Aside from OWWA, there are six accredited agency associations that provide PDOS seminars to workers recruited by the member-agencies of these different associations. For example, one of the oldest industry associations is known as Pasei, which stands for Philippine Association of Service Exporters, Inc. Several member-agencies of Pasei refer their workers to the association’s PDOS seminars. As of April 2014, there were 53 land-based recruitment agencies and 234 sea-based or manning agencies that are allowed to conduct PDOS seminars. OWWA also has 14 accredited NGOs that hold regular PDOS seminars for OFWs.

For domestic workers bound for Saudi Arabia, OWWA conducts the PDOS seminars, tapping speakers from the accredited NGOs to handle specific topics such as “Migration Realities”. The PDOS seminars for Saudi-bound domestic workers require two days. By comparison, a typical PDOS seminar for skilled workers and non-domestic workers runs for only six hours.

Is the PDOS seminar still necessary for an outbound OFW given the enormous amount of information now available on the Internet? Yes, it is. The modules, however, need to be revisited. In communications, one is constantly reminded to keep presentations brief, simple, and memorable. To be memorable, the speaker must know how to build that emotional connection with the audience. I have been to several seminars. I don’t remember the slides. I remember the best moments, and the best lines of the best speakers.

I believe that PDOS seminars should be country-specific, with former OFWs sharing their experiences, the use of the case study approach to combine theory with reality checks, and a Q&A session at the end of each module.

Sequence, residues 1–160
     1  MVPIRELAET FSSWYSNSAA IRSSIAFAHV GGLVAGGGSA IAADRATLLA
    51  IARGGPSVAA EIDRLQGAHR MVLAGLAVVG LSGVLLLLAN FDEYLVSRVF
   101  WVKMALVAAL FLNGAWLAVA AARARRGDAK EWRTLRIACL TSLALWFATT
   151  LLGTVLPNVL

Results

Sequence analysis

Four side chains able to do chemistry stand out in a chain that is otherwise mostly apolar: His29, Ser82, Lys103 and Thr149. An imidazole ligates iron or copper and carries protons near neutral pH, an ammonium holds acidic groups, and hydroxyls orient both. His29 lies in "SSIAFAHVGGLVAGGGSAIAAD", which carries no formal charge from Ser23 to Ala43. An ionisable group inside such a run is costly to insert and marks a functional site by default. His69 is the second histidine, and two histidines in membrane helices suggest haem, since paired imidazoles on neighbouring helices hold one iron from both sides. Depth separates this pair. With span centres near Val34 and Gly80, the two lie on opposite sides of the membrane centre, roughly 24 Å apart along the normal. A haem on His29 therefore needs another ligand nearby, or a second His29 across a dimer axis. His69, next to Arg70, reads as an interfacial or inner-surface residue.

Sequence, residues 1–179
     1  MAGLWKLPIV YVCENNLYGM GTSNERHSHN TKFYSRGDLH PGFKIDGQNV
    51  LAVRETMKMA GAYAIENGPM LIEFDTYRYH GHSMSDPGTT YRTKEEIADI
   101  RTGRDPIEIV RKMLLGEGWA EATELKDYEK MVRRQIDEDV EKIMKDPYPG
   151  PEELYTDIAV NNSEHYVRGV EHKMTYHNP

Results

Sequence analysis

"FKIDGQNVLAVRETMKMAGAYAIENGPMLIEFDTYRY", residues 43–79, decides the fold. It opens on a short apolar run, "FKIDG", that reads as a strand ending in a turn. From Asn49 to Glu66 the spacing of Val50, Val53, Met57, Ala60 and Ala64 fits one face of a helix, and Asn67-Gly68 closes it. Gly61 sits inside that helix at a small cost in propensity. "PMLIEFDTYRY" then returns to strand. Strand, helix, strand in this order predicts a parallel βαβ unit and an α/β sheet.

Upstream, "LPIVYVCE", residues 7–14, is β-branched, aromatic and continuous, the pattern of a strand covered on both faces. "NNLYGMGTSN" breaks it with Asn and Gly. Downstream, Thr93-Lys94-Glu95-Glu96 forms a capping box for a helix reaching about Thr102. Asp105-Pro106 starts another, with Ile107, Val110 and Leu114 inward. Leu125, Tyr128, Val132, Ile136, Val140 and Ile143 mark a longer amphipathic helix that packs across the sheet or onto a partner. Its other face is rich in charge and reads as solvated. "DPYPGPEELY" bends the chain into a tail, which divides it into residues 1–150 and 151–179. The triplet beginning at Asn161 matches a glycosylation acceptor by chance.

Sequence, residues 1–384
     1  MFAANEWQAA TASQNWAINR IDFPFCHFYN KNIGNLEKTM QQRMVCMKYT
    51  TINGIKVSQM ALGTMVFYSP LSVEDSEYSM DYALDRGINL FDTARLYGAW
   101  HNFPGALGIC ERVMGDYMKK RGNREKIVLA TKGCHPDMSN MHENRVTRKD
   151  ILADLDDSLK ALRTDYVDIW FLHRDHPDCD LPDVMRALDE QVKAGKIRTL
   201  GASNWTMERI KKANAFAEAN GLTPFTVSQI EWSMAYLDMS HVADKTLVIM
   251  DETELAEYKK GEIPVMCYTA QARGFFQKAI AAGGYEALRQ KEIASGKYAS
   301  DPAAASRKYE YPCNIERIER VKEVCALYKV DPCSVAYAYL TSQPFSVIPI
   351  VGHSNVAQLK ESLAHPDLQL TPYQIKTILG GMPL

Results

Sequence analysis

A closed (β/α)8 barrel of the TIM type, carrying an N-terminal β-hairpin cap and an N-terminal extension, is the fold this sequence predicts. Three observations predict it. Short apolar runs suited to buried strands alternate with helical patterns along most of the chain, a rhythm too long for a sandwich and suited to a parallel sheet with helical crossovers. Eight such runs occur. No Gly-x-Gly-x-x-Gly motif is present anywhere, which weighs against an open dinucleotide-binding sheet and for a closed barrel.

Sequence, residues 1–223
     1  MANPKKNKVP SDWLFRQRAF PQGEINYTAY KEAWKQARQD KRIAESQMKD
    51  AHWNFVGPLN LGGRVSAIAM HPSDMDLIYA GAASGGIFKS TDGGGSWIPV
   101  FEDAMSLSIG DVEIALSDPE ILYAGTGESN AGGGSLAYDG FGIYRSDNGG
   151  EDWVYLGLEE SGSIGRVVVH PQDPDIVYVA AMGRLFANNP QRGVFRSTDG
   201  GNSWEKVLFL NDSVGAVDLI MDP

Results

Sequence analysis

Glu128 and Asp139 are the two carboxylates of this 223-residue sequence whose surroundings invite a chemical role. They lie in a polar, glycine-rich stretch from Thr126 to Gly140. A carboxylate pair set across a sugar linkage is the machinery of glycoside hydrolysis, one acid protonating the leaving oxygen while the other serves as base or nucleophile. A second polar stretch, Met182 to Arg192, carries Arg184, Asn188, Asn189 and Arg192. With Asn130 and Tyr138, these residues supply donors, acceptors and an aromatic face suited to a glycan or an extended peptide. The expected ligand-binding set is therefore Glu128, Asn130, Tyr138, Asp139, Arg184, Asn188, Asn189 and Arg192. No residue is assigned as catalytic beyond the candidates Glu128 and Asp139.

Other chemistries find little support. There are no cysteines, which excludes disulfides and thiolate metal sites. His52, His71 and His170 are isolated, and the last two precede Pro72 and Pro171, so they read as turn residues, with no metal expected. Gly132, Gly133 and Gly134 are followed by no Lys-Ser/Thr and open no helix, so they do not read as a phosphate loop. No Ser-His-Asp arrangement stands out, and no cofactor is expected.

How about the P100 fee? If we are to remove commercialism from PDOS seminars, then the foreign employer, the worker, the PDOS provider and OWWA must accept PDOS as a quality investment in the OFW’s welfare and protection. The fee can and should be raised, for payment solely by the foreign employer, without any demand for rebates from the recruitment agency concerned, and with clear incentives for growth and improvement.

OWWA can draw inspiration on the rating system adopted by Uber and Grab. If passengers can give five stars to a good driver, then why can’t a PDOS participant extend the same rating to an excellent speaker?

Lastly, this writer and OFW advocate believes that the time has come for Congress to enact a PDOS Law. The PDOS law would lead to a budget for PDOS seminars, skills and knowledge training sessions for accredited PDOS trainers, and a permanent unit with oversight functions over PDOS. PDOS seminars must be designed as a learning platform, and not as a means to solve all the gaps in the migration cycle. At the end of the day, it really is just a seminar. Done properly, however, a good PDOS can actually save lives.

Author: Susan Ople

Susan "Toots" Ople is the President of the Blas F. Ople Policy and Training Institute. She's an OFW and labor advocate based in the Philippines.

Share This Post On